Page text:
Legend has it that, in 1934, after visiting Agatha Christie, Allen Lane was stuck at Exeter station with nothing to read. To rectify that, he decided to publish cheap paperback editions of literary works that could be sold in vending machines. The first – dubbed the Penguincubator – was located in London’s Charing Cross Road.
By 1936, Penguin had sold more than one million books and separated from its parent company, The Bodley Head. Knighted in 1952, Lane retired in the late 1960s and died, aged 67, in 1970.
Why did Penguin succeed?
Traditional publishers didn’t think there was enough margin in selling paperback books for six old pence (£1.27 in today’s money) but Lane acquired rights cheaply and, early on, persuaded Woolworths to order 63,000 books. The simplicity of Penguin’s design helped its titles stand out on shelves.
The colour-coded covers – orange for general fiction, green for crime novels and blue for biography – looked upmarket and intelligent yet accessible. Joan Coles, one of Lane’s secretaries, suggested the penguin after he requested a "dignified but flippant" symbol for his new company.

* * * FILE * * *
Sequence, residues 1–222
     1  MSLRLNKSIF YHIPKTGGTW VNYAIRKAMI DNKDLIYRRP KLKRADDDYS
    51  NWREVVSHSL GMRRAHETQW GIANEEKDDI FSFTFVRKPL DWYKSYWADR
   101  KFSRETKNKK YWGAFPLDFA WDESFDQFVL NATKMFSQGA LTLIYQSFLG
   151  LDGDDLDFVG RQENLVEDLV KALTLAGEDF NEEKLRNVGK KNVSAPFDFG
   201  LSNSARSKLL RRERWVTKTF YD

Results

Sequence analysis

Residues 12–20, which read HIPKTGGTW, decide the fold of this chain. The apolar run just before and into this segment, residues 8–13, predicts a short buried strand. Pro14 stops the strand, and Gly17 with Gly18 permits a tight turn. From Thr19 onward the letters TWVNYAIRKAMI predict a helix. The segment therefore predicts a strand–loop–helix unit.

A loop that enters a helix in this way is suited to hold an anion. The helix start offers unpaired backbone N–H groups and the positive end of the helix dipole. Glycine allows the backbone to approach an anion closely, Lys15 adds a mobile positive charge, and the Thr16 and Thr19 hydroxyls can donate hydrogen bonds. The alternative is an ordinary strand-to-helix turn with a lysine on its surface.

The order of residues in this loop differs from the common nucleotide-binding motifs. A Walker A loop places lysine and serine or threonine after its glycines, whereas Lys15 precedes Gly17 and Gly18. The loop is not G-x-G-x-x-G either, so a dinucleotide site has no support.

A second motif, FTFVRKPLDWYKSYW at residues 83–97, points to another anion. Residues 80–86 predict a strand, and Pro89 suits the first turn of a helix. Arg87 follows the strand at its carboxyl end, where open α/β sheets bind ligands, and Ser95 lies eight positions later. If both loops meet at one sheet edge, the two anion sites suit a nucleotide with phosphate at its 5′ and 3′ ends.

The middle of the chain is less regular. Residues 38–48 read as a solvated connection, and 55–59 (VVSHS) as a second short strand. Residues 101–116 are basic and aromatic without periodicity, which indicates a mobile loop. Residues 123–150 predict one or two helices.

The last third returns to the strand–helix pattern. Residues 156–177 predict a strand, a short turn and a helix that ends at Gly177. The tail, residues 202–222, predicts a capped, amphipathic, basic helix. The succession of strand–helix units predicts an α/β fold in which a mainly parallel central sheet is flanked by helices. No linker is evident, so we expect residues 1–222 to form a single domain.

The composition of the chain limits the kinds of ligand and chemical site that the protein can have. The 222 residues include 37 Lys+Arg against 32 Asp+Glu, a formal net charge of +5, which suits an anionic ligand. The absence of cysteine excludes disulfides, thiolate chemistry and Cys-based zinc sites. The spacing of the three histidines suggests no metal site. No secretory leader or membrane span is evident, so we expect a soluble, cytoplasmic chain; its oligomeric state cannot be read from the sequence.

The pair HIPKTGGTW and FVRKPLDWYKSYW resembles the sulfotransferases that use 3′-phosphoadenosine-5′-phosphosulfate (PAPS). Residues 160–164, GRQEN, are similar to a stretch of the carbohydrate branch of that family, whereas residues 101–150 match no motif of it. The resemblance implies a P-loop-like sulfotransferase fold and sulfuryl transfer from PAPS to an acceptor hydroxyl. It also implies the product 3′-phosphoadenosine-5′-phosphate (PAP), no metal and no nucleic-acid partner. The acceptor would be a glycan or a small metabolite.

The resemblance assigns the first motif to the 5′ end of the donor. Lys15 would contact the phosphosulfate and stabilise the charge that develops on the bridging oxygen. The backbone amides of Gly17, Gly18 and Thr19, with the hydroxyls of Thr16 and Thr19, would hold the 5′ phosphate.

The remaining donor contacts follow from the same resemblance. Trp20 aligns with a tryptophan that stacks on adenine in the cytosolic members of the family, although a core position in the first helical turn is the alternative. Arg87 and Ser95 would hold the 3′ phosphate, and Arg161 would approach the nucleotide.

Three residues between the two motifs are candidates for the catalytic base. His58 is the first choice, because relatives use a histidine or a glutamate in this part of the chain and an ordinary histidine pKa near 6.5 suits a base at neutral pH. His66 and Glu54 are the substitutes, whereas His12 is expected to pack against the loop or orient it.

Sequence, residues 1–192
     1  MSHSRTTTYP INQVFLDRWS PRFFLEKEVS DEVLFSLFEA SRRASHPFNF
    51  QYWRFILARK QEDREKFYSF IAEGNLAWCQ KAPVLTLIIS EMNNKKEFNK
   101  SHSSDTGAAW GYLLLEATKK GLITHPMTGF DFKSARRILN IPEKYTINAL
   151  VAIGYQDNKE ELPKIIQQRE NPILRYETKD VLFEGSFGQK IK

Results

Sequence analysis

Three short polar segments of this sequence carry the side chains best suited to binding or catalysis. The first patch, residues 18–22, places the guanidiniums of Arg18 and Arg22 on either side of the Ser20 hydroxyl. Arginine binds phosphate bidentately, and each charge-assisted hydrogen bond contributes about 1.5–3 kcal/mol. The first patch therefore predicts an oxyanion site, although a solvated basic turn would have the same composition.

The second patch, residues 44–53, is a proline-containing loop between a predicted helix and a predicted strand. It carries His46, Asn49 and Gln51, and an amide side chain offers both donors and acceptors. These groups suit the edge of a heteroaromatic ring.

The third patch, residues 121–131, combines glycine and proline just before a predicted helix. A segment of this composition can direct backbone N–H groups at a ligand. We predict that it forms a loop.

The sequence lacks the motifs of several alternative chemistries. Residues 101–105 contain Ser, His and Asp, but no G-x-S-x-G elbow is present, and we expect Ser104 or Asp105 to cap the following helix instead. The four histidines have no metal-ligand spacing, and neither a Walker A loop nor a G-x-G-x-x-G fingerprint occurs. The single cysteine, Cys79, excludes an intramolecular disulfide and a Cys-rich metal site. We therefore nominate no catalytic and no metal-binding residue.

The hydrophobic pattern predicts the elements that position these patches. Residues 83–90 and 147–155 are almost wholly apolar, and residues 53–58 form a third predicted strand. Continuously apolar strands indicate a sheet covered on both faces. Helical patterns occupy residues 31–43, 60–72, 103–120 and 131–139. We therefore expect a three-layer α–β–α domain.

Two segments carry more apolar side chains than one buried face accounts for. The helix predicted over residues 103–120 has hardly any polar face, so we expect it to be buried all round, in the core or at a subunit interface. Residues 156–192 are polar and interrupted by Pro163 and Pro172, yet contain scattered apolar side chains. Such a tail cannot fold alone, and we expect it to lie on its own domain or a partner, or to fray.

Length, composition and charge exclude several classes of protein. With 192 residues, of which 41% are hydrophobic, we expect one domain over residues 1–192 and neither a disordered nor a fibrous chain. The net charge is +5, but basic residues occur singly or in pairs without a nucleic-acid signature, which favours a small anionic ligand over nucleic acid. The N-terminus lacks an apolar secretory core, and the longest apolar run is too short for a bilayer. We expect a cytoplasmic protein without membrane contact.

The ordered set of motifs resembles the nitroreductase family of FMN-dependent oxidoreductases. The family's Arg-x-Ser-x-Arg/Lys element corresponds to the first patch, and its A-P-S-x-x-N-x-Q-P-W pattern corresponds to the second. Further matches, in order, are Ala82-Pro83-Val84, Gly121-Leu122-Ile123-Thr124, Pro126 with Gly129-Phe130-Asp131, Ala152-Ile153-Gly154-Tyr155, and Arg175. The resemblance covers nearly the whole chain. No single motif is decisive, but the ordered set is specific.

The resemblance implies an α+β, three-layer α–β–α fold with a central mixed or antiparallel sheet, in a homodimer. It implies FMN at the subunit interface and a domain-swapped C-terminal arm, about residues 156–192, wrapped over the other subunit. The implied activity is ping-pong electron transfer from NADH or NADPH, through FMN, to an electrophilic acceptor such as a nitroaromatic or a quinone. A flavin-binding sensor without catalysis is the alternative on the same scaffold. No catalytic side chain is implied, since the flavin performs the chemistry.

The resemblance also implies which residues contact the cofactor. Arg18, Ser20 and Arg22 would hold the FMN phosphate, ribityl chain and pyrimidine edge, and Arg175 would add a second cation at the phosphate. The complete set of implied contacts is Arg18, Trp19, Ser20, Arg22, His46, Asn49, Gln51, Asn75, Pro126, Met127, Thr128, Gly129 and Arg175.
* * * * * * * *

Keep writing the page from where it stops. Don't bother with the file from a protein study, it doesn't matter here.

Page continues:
Who is the best-selling Penguin author in the UK?
Probably Jamie Oliver, who has five titles in the all-time top 100 best-sellers list. Jamie’s 30-Minute Meals has sold more than 1.7 million copies.
Surely not what Lane had in mind when he wanted a good book?
Actually, Lane was a pragmatist. During the second world war, Penguin published titles such as Keeping Poultry and Rabbits on Scraps. But he was also a visionary. In 1936, at Lane’s behest, Bodley Head became the first mainstream publisher to risk publishing James Joyce’s Ulysses in the UK.
In 1960, Penguin was charged – and acquitted – of obscenity after publishing an unexpurgated edition of DH Lawrence’s Lady Chatterley’s Lover. It sold two million copies in six weeks.
Does Penguin mean anything as a brand outside the UK?
Definitely. The only book pre-loaded on to the launch edition of Apple’s iPad was Penguin’s edition of Winnie the Pooh. Former CEO John Makinson said once: "In China, people literally stroke the business card."
Was there one personality trait that made Lane so successful?
His appetite for risk. He challenged obscenity laws, gave his 21-year-old secretary Eunice Frost prime responsibility for finding new titles and bet his career – and reputation – on a new venture that looked risky in the middle of the Great Depression.
Lane wasn’t the first man to publish paperbacks but he proved the business case and changed our reading habits forever.